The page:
This application demonstrates how you can implement a data cartridge, load data into an Oracle table using SQL*Loader, create domain indexes on indexed data, and make use of these indexes in queries.
The indexing scheme used in this example is based on the paper entitled "
Searching on the Secondary Structure of Protein Sequences" by Hammel and Patel. Some details of a protein's secondary structure, including Loops, Sheets, and Helices, can aid Life Scientists in determining the function of the protein. Life Scientists would like to be able to perform queries based on the type and length of secondary structure segments appearing in a protein. For example, the query condition <E 3 5><H 4 4> would match all proteins having a Sheet of between length 3 and 5, followed immediately by a Helix of length 4. More details on the query language and the indexing scheme can be found in the Hammel and Patel paper, as well as in the presentation links below.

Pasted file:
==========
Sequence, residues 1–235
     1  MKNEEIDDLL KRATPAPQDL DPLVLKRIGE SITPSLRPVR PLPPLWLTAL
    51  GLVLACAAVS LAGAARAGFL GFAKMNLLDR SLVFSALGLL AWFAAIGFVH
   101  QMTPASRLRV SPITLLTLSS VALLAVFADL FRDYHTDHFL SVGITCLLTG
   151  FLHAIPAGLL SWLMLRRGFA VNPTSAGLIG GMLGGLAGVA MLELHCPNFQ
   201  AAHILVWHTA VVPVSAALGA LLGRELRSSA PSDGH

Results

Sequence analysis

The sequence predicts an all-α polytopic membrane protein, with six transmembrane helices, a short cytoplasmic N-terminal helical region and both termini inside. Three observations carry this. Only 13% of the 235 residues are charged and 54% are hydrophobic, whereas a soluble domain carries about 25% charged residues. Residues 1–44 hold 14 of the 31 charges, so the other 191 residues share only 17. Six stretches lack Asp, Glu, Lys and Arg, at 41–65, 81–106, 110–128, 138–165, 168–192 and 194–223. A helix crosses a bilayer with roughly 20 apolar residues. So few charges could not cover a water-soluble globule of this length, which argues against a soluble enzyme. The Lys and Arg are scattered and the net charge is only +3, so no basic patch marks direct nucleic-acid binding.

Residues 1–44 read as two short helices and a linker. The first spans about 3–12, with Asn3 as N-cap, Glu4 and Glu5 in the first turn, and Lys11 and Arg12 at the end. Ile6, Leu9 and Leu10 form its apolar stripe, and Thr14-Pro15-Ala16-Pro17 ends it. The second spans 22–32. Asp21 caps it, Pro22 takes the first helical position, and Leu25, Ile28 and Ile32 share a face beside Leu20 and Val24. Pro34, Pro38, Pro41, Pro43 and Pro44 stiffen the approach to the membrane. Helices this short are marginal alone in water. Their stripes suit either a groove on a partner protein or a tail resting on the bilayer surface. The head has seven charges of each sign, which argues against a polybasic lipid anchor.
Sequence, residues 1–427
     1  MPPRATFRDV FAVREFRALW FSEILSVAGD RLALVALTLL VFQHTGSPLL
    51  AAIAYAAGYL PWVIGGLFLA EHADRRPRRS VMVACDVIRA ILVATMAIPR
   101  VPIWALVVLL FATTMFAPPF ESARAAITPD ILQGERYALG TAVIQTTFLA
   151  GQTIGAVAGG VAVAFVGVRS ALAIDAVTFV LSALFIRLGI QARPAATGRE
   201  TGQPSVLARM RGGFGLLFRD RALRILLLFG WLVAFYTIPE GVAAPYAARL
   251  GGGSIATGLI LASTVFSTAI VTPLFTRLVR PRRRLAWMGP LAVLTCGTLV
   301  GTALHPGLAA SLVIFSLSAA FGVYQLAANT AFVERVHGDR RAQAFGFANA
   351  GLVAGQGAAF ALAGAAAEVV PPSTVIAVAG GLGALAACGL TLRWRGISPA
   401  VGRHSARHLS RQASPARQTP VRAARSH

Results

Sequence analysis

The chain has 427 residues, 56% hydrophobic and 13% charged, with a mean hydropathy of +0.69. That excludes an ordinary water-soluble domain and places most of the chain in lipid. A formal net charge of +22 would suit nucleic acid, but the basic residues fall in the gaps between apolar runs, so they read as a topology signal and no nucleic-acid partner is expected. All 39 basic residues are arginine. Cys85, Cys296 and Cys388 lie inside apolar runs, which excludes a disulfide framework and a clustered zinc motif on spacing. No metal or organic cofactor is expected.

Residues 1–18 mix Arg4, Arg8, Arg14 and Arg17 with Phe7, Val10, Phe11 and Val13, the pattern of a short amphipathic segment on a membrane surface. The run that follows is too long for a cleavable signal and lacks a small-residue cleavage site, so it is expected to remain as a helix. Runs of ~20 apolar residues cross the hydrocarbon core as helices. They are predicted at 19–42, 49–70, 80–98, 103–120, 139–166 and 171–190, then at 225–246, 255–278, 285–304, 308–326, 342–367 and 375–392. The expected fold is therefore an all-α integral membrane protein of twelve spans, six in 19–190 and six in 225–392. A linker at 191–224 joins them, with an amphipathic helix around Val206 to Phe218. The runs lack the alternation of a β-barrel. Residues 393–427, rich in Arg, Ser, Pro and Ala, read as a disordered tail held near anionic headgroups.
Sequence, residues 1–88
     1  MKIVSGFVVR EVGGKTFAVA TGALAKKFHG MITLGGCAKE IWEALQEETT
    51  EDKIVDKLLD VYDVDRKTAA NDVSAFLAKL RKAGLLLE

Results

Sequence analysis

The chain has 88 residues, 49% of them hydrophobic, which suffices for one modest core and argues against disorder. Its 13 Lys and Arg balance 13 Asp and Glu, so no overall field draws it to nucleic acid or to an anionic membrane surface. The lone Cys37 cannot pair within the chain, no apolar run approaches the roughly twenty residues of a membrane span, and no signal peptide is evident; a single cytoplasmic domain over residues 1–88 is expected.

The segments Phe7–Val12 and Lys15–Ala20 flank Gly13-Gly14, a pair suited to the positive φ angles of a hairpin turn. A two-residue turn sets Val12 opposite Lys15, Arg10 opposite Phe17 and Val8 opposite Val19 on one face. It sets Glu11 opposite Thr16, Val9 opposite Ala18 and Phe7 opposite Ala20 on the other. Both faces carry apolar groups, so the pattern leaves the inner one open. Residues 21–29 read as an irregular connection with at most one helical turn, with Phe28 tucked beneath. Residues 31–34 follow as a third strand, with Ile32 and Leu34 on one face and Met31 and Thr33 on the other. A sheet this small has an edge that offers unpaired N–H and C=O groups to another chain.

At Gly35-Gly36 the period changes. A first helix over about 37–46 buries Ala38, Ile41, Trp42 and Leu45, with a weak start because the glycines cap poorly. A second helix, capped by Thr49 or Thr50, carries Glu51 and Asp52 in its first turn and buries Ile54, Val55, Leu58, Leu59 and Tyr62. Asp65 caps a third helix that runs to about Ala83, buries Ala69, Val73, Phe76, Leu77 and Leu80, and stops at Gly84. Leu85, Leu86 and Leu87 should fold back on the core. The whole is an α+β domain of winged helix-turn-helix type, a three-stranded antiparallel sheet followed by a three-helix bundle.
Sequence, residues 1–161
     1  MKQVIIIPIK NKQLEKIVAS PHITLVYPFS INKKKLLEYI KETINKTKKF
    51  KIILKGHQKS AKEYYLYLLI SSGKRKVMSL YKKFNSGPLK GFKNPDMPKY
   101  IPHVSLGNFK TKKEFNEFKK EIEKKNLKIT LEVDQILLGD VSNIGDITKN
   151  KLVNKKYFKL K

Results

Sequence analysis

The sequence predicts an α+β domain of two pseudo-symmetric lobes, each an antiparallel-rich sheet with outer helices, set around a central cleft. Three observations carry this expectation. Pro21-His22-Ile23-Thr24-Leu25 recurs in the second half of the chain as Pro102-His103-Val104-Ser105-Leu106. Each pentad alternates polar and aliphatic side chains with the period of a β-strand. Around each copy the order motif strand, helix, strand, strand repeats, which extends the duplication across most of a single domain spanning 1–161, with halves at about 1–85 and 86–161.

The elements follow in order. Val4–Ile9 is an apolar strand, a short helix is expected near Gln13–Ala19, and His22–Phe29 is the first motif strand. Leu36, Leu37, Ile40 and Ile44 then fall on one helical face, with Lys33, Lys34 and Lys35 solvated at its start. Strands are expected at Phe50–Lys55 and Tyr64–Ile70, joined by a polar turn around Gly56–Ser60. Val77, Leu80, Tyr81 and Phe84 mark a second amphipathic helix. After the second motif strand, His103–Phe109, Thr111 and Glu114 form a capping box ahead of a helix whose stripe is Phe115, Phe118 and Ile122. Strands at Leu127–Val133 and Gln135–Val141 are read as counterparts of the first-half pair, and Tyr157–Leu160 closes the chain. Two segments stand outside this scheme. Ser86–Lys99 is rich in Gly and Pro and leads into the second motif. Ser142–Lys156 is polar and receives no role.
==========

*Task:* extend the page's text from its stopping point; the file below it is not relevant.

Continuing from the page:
The sample application makes use of a dataset of proteins with known secondary structures called
Stride, which is distributed with the
Predator protein secondary structure prediction utility. If you would like more secondary structure protein data, you can obtain it from PDB (the "Protein Data Bank"), or you can generate it from the primary structure using Predator. Predator is available by FTP at:
UNIX Version: ftp://ftp.ebi.ac.uk/pub/software/unix/predator
DOS Version: ftp://ftp.ebi.ac.uk/pub/software/dos/predator
For further details about the Extensible Indexing framework, and how to build your own indexing scheme in Oracle, please see the Oracle Data Cartridge Developer's Guide.
Depending on hardware, this command could take up to several minutes to complete.